Living With Maggot Therapy

As noted in the last post, insects live in close contact with many pathogens. The presence of antibiotic substances in insects is not uncommon. Insects that feed on dead or dying tissue often must compete with microbes for the food resource.

Blow fly maggots consume dead and dying tissue. The maggots will only feed on dead or dying tissue and leave healthy tissue. They also secrete antibiotic substances that inhibit microbes from colonizing and consuming their food. There are intractable cases where maggot debridement therapy is useful for treating wounds. Diabetics are more prone to problems with wounds that do not heal. Festering wounds may become gangrenous and lead to amputation.

The video below documents a successful use of maggots to treat a wound in a diabetic who was facing amputation of a foot because of a wound that would not heal. The maggots used in this therapy are produced in licensed laboratories under sterile conditions. It is important to not introduce additional pathogens into an already infected wound. The maggots are sealed onto the wound site with a bandage. They consume the dead and dying tissue and leave the healthy tissue.

Maggot therapy is important to human health, but not for the squeamish.

About jjneal

Jonathan Neal is an Associate Professor of Entomology at Purdue University and author of the textbook, Living With Insects (2010). This blog is a forum to communicate about the intersection of insects with people and policy. This is a personal blog. The opinions and materials posted here are those of the author and are in no way connected with those of my employer.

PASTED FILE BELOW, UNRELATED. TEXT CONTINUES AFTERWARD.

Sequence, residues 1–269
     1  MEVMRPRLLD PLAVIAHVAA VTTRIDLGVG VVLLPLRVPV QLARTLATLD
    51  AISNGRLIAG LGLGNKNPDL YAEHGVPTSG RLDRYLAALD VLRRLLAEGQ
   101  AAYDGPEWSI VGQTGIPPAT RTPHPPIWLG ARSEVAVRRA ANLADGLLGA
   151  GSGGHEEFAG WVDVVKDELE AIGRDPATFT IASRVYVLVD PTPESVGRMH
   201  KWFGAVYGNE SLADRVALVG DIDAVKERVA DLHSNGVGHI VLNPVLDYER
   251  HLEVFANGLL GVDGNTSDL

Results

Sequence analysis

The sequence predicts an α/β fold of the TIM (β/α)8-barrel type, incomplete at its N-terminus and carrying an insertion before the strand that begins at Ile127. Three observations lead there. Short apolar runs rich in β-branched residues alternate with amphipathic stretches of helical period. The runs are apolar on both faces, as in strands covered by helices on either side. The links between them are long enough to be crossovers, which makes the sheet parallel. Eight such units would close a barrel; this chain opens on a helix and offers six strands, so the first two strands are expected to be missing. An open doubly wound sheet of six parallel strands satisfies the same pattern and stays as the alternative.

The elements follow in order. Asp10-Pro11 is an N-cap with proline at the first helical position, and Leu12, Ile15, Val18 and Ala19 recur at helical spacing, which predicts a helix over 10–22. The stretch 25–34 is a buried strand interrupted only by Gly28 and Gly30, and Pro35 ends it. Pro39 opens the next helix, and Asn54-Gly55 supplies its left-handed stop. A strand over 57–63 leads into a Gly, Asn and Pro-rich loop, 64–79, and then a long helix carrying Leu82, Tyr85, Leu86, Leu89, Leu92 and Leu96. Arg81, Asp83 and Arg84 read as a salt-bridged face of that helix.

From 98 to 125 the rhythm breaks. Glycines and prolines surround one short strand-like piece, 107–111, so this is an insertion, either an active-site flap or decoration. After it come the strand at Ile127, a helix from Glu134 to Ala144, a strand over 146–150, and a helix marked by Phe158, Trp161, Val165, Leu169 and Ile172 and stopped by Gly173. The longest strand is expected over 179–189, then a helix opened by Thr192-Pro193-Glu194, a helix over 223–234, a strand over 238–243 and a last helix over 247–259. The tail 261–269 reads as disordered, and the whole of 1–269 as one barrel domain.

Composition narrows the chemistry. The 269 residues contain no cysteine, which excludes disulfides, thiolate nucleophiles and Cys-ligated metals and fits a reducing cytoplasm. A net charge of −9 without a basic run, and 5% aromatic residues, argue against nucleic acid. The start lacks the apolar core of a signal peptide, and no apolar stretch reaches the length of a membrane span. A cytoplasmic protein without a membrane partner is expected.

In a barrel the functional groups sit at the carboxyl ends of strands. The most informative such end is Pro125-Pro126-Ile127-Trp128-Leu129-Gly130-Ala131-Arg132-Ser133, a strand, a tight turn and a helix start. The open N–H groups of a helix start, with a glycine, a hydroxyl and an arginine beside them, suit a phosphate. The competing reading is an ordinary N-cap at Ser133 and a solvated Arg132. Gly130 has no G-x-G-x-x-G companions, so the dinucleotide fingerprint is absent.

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5 Responses to Living With Maggot Therapy

  1. Martrell Golston says:

    This is a really interesting article. I never knew that a insect like a fly maggot could contribute to human health. I would have hypothesized the complete opposite. When I think of anything related to flies or maggots, I immediately think of filth and disease. I’m a bit curious to learn more about why the maggots only consume the dying tissue and not the healthy. I could only imagine that their are countless usues for this “insect technology”, but my only concern is the possible side effects, if any.

  2. Pingback: Living With Insect DNAses | Living With Insects Blog

  3. Pingback: Living With Lucifensin | Living With Insects Blog

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    You’re incredible! Thank you!

  5. Pingback: Maggots: A Medical Device | Living With Insects Blog

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